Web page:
Apparently, a key reason that young women aren't choosing careers in STEM is dating. Maria Klawe, President of Harvey Mudd College, found concern that their 'geeky' male classmates will present poor social prospects is genuinely one of three key barriers to young women entering STEM (along with concerns that it would be boring, and that they wouldn't be any good at it). This information depressed me for the rest of the day.
Klawe reported her intriguing finding at the Future Tense Women in STEM event in Washington DC last week. She is a role model for college leaders who seek to attract young women to study STEM subjects -- by which I mean science, technology, engineering and mathematics, subjects where men still outnumber women by three to one. Harvey Mudd College has impressively redesigned their teaching methods to even out the gender ratio in their STEM programs. But the main message of the day was that attracting women into STEM is just the first step
Nobel prize winner Carol Greider explained that the issue is not just a deficit of women entering the STEM pipeline; rather, the key challenge is that the pipe is leaky. Once women have entered STEM, at every subsequent stage of their career, they run a gauntlet of subtle practical, psychological and social holes in the way of their promotions, appointment to boards, and other indicators of seniority. While slapping patches on the pipe may help stop some of the leaks and help women get ahead, it is often a simplistic fix because the root of the problem isn't just practical.
Implementing flexible working doesn't fix the leak if women decline it for fear of incurring subtle career penalties. Gender-blind evaluation of candidates for senior jobs doesn't fix the leak if women are tending to minimize their skills compared to men. Ensuring women are shortlisted for STEM vacancies don't fix the leak if hirers still subconsciously choose men over women with the same qualifications anyway. The ways in which things are set up in STEM overwhelmingly seem to favor men in all sorts of obvious and unexpected ways, and the Future Tense event called for reform at the heart of the system: in other words, a redesign of the pipe.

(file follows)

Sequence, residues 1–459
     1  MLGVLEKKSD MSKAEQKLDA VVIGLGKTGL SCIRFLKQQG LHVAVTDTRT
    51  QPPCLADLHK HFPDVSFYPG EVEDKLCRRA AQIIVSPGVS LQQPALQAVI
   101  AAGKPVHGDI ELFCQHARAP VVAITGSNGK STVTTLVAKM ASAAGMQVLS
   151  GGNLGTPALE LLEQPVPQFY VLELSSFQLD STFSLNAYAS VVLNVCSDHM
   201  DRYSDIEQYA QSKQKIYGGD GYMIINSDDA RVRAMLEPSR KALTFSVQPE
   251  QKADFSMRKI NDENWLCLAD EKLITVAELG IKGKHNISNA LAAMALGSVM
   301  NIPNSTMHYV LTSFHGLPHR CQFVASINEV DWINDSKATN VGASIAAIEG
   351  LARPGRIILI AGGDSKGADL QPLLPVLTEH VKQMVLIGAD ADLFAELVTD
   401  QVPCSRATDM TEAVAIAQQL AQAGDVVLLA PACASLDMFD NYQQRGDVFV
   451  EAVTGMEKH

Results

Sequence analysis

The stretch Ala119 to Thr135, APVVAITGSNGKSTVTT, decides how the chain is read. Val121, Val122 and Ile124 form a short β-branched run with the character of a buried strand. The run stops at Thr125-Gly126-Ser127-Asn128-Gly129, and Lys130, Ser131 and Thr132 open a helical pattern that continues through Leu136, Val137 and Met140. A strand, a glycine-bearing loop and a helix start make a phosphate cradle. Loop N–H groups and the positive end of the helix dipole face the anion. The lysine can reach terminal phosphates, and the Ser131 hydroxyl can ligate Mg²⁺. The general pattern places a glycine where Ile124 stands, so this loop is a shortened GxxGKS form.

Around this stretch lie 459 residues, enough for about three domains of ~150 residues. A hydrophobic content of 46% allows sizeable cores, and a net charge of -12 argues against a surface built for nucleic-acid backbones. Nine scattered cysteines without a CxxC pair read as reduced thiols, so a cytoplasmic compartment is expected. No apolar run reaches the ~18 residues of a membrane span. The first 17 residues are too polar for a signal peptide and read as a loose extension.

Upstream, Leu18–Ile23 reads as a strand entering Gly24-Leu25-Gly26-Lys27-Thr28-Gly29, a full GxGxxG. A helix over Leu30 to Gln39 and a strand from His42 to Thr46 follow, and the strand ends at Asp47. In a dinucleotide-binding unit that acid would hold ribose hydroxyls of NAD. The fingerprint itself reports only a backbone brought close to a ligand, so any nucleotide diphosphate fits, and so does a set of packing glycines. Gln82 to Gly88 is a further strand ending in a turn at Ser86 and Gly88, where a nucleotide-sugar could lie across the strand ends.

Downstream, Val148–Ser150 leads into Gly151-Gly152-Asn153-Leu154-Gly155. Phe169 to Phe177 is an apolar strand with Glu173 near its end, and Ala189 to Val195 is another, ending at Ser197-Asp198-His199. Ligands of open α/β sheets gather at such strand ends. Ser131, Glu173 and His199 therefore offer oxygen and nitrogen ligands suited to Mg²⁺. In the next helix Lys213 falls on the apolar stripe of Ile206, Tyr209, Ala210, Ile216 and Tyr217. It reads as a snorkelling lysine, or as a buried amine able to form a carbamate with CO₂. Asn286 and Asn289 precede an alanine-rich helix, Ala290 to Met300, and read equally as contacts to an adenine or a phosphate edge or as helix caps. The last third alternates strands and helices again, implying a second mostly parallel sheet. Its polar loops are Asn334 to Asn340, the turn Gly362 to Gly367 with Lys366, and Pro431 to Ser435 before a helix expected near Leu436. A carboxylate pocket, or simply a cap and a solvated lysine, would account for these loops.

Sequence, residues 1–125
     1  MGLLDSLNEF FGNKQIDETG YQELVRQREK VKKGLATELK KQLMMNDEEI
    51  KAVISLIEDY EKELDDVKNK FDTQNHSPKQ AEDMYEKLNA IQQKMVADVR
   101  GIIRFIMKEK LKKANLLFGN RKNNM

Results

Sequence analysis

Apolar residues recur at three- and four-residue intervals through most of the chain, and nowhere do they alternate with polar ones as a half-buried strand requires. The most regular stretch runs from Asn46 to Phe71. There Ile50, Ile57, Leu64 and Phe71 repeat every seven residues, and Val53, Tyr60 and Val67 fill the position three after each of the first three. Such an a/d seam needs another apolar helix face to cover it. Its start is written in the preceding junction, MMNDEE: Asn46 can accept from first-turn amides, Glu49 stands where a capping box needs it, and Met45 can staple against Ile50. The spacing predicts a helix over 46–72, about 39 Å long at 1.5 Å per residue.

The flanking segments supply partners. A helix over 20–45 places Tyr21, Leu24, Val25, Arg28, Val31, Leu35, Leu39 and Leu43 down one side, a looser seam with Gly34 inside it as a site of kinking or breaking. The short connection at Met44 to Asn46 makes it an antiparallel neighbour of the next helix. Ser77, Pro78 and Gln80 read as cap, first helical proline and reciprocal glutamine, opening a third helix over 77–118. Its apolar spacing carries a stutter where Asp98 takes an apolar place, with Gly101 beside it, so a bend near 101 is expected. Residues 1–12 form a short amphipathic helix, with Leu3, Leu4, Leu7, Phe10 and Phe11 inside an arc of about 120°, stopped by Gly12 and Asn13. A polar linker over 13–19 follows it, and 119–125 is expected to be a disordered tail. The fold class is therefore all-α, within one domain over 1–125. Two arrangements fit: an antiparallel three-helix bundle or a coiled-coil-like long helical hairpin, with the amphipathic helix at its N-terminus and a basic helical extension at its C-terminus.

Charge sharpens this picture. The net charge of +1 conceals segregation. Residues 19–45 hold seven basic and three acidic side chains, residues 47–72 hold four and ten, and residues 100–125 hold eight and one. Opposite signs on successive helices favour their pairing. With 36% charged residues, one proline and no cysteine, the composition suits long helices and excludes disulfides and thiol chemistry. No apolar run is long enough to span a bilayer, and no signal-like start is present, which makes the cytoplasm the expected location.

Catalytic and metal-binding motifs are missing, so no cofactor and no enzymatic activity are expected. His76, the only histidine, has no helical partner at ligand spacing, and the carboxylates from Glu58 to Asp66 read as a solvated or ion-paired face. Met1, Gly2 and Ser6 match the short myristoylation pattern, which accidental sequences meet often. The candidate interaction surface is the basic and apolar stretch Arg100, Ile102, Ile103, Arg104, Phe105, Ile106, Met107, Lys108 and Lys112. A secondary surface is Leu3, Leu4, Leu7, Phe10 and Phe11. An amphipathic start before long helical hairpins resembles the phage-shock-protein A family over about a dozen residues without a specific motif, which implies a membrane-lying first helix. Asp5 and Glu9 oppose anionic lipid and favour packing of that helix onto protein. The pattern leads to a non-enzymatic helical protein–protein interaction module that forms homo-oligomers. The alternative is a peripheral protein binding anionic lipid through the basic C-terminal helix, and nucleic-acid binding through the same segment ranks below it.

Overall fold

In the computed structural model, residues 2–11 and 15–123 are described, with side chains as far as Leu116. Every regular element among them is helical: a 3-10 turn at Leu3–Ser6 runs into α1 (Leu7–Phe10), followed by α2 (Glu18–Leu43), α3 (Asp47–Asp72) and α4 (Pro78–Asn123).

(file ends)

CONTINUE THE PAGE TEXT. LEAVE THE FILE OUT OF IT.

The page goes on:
While the event showcased many inspiring role models, I worried that they still seem to be the exception rather than the rule. But then I got chatting to the brilliant women in STEM sitting around my table. Over chocolate cake, they told me about the cool things they are doing in STEM, their start ups, their achievements, and I felt excited -- women leading in STEM isn't so much an aspiration as something that is already happening right now. It just needs to be scaled up.
The following day I was coincidentally a panelist myself, at a Women in STEM event at Georgetown University. I was inspired to hear stories from the other faculty panelists about how far gender equality in STEM had come in their career lifetimes. I was even more inspired by the incredulity with which the students in the audience responded to panelists' stories of past sexism in the workplace. While such stories are sadly still a fact in many places, the students were not willing to accept it today. As they described their own career plans, and asked pertinent questions (not one of them mentioning the trials of finding a boyfriend), it was clear that these smart and inspiring women in STEM have no intention of leaking out of the pipe; rather, they plan to run the distance, have impact, lead and speak on future STEM panels which will no longer need to be labeled for gender.
Women in STEM seem to be reaching a critical mass, and hopefully we'll soon be done with token patches along the STEM career gauntlet. The future in STEM is gender equality. Women are asserting their right to succeed, and that means the leaky pipe is set for a sophisticated and inclusive redesign in this generation. Exciting times.